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NCJ Number: 220808 Find in a Library
Title: Is It an Inside Job?: An Examination of Internal Affairs Complaint Investigation Files and the Production of Nonsustained Findings
Journal: Criminal Justice Policy Review  Volume:18  Issue:4  Dated:December 2007  Pages:353-377
Author(s): John Liederbach; Lorenzo M. Boyd; Robert W. Taylor; Soraya K. Kawucha
Date Published: December 2007
Page Count: 25
Publisher: http://www.sagepub.com/ 
Type: Research (Applied/Empirical)
Format: Article
Language: English
Country: United States of America
Annotation: Utilizing information derived from an examination of Internal Affairs complaint investigation files obtained from a midwestern police agency, this study examined issues related to the processing of complaints against the police.
Abstract: The most significant finding relates to the extremely high nonsustained rate for citizen-initiated complaints. Only 3 of the 180 citizen-initiated complaints (or 1.6 percent) were sustained. The process of internal complaint review in Midwest City appears to be similar in some other respects to those that have been the focus of previous literature. Commonalities aside, the direct examination of investigation files did provide systematic data that this line of research has previously lacked. Specifically, the files provided information concerning why investigators failed to sustain almost all of the citizen complaints. The complainant retracted his or her initial allegation, could not be located, or failed to followup with investigators in over one-fourth or 27.2 percent of all the nonsustained citizen-initiated complaints. After repeated calls, investigators cited noncooperation as the primary justification. In the popular jargon, an inside job refers to a crime committed by a trusted individual within an organization that is often perpetrated by a covert alliance or conspiracy. The jargon is used in this article as a means to convey the conclusion drawn by many special commissions and journalistic accounts that have characterized the internal processing of complaints by police as an inside job. The purpose of this study was to contribute to the existing research regarding the internal review of complaints against the police through a direct examination of complaint investigation files. The study processed several points of discussion, as well as recommendations. Tables, notes, references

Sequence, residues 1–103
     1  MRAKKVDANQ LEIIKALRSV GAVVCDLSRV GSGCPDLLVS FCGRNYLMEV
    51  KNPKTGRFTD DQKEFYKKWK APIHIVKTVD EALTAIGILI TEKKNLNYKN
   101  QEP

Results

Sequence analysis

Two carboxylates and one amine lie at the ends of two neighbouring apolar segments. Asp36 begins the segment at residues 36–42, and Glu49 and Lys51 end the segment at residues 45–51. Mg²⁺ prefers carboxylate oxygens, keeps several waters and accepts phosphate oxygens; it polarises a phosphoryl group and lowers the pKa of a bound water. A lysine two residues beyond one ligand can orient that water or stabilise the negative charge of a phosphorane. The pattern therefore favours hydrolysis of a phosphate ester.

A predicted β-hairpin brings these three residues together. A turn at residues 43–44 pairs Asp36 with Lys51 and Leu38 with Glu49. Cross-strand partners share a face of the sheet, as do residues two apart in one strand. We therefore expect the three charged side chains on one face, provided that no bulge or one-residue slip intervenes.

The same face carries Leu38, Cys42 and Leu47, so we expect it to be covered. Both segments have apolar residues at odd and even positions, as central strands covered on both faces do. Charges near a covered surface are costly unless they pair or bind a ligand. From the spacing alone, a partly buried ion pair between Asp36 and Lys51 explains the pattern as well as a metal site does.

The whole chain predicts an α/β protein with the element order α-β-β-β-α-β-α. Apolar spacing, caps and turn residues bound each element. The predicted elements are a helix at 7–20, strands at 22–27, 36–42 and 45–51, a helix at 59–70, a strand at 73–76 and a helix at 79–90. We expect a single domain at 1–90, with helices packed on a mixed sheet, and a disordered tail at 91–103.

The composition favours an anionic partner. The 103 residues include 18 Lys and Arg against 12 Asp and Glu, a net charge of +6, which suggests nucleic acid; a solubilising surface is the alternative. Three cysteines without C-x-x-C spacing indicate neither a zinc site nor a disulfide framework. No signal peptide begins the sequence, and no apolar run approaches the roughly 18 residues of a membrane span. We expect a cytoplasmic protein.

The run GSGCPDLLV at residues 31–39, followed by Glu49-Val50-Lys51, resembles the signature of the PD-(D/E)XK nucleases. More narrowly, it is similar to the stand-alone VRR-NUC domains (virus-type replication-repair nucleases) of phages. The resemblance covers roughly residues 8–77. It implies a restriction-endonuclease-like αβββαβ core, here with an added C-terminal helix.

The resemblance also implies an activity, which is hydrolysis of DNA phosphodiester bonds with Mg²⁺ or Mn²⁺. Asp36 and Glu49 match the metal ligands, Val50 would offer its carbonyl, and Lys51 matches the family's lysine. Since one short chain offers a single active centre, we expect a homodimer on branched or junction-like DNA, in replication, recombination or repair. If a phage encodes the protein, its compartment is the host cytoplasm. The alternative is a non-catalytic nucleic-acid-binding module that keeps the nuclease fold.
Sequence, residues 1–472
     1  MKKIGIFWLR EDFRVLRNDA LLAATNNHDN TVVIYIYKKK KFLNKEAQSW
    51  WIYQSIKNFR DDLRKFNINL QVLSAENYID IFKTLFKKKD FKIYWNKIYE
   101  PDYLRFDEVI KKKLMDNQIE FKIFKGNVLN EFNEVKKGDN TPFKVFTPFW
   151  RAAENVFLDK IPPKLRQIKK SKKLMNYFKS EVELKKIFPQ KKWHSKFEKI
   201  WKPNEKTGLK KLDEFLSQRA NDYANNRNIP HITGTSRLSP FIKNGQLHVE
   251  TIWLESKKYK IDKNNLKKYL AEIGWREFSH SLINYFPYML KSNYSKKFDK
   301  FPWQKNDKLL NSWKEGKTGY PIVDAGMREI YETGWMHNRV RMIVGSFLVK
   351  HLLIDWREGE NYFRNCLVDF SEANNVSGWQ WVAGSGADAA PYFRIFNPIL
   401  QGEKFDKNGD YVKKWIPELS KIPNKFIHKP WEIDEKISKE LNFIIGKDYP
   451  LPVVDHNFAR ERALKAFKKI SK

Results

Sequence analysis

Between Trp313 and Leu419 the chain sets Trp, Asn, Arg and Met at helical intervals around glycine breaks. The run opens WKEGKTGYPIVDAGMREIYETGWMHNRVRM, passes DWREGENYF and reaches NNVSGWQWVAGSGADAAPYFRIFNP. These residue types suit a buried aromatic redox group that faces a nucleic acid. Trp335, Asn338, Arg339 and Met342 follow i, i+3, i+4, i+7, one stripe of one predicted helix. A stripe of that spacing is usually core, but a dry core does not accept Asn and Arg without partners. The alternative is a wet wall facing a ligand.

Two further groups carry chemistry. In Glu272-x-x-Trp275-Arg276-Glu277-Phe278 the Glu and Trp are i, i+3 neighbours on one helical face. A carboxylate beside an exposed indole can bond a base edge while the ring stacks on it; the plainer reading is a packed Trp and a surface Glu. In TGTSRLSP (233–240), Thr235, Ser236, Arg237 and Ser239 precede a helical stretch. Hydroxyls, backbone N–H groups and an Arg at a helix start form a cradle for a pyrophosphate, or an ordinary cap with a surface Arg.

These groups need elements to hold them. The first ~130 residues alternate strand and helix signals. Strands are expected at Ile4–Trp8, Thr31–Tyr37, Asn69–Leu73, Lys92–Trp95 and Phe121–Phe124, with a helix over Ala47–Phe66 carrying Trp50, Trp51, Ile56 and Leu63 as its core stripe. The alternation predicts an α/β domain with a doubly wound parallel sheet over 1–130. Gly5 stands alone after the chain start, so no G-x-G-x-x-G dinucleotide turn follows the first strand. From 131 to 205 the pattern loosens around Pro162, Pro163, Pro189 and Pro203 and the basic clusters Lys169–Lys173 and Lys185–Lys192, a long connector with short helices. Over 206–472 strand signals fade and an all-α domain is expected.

Main Term(s): Complaints against police
Index Term(s): Citizen grievances; Complaint processing; Complaint processing by telephone; Police internal affairs
To cite this abstract, use the following link:
http://www.ncjrs.gov/App/publications/abstract.aspx?ID=242637

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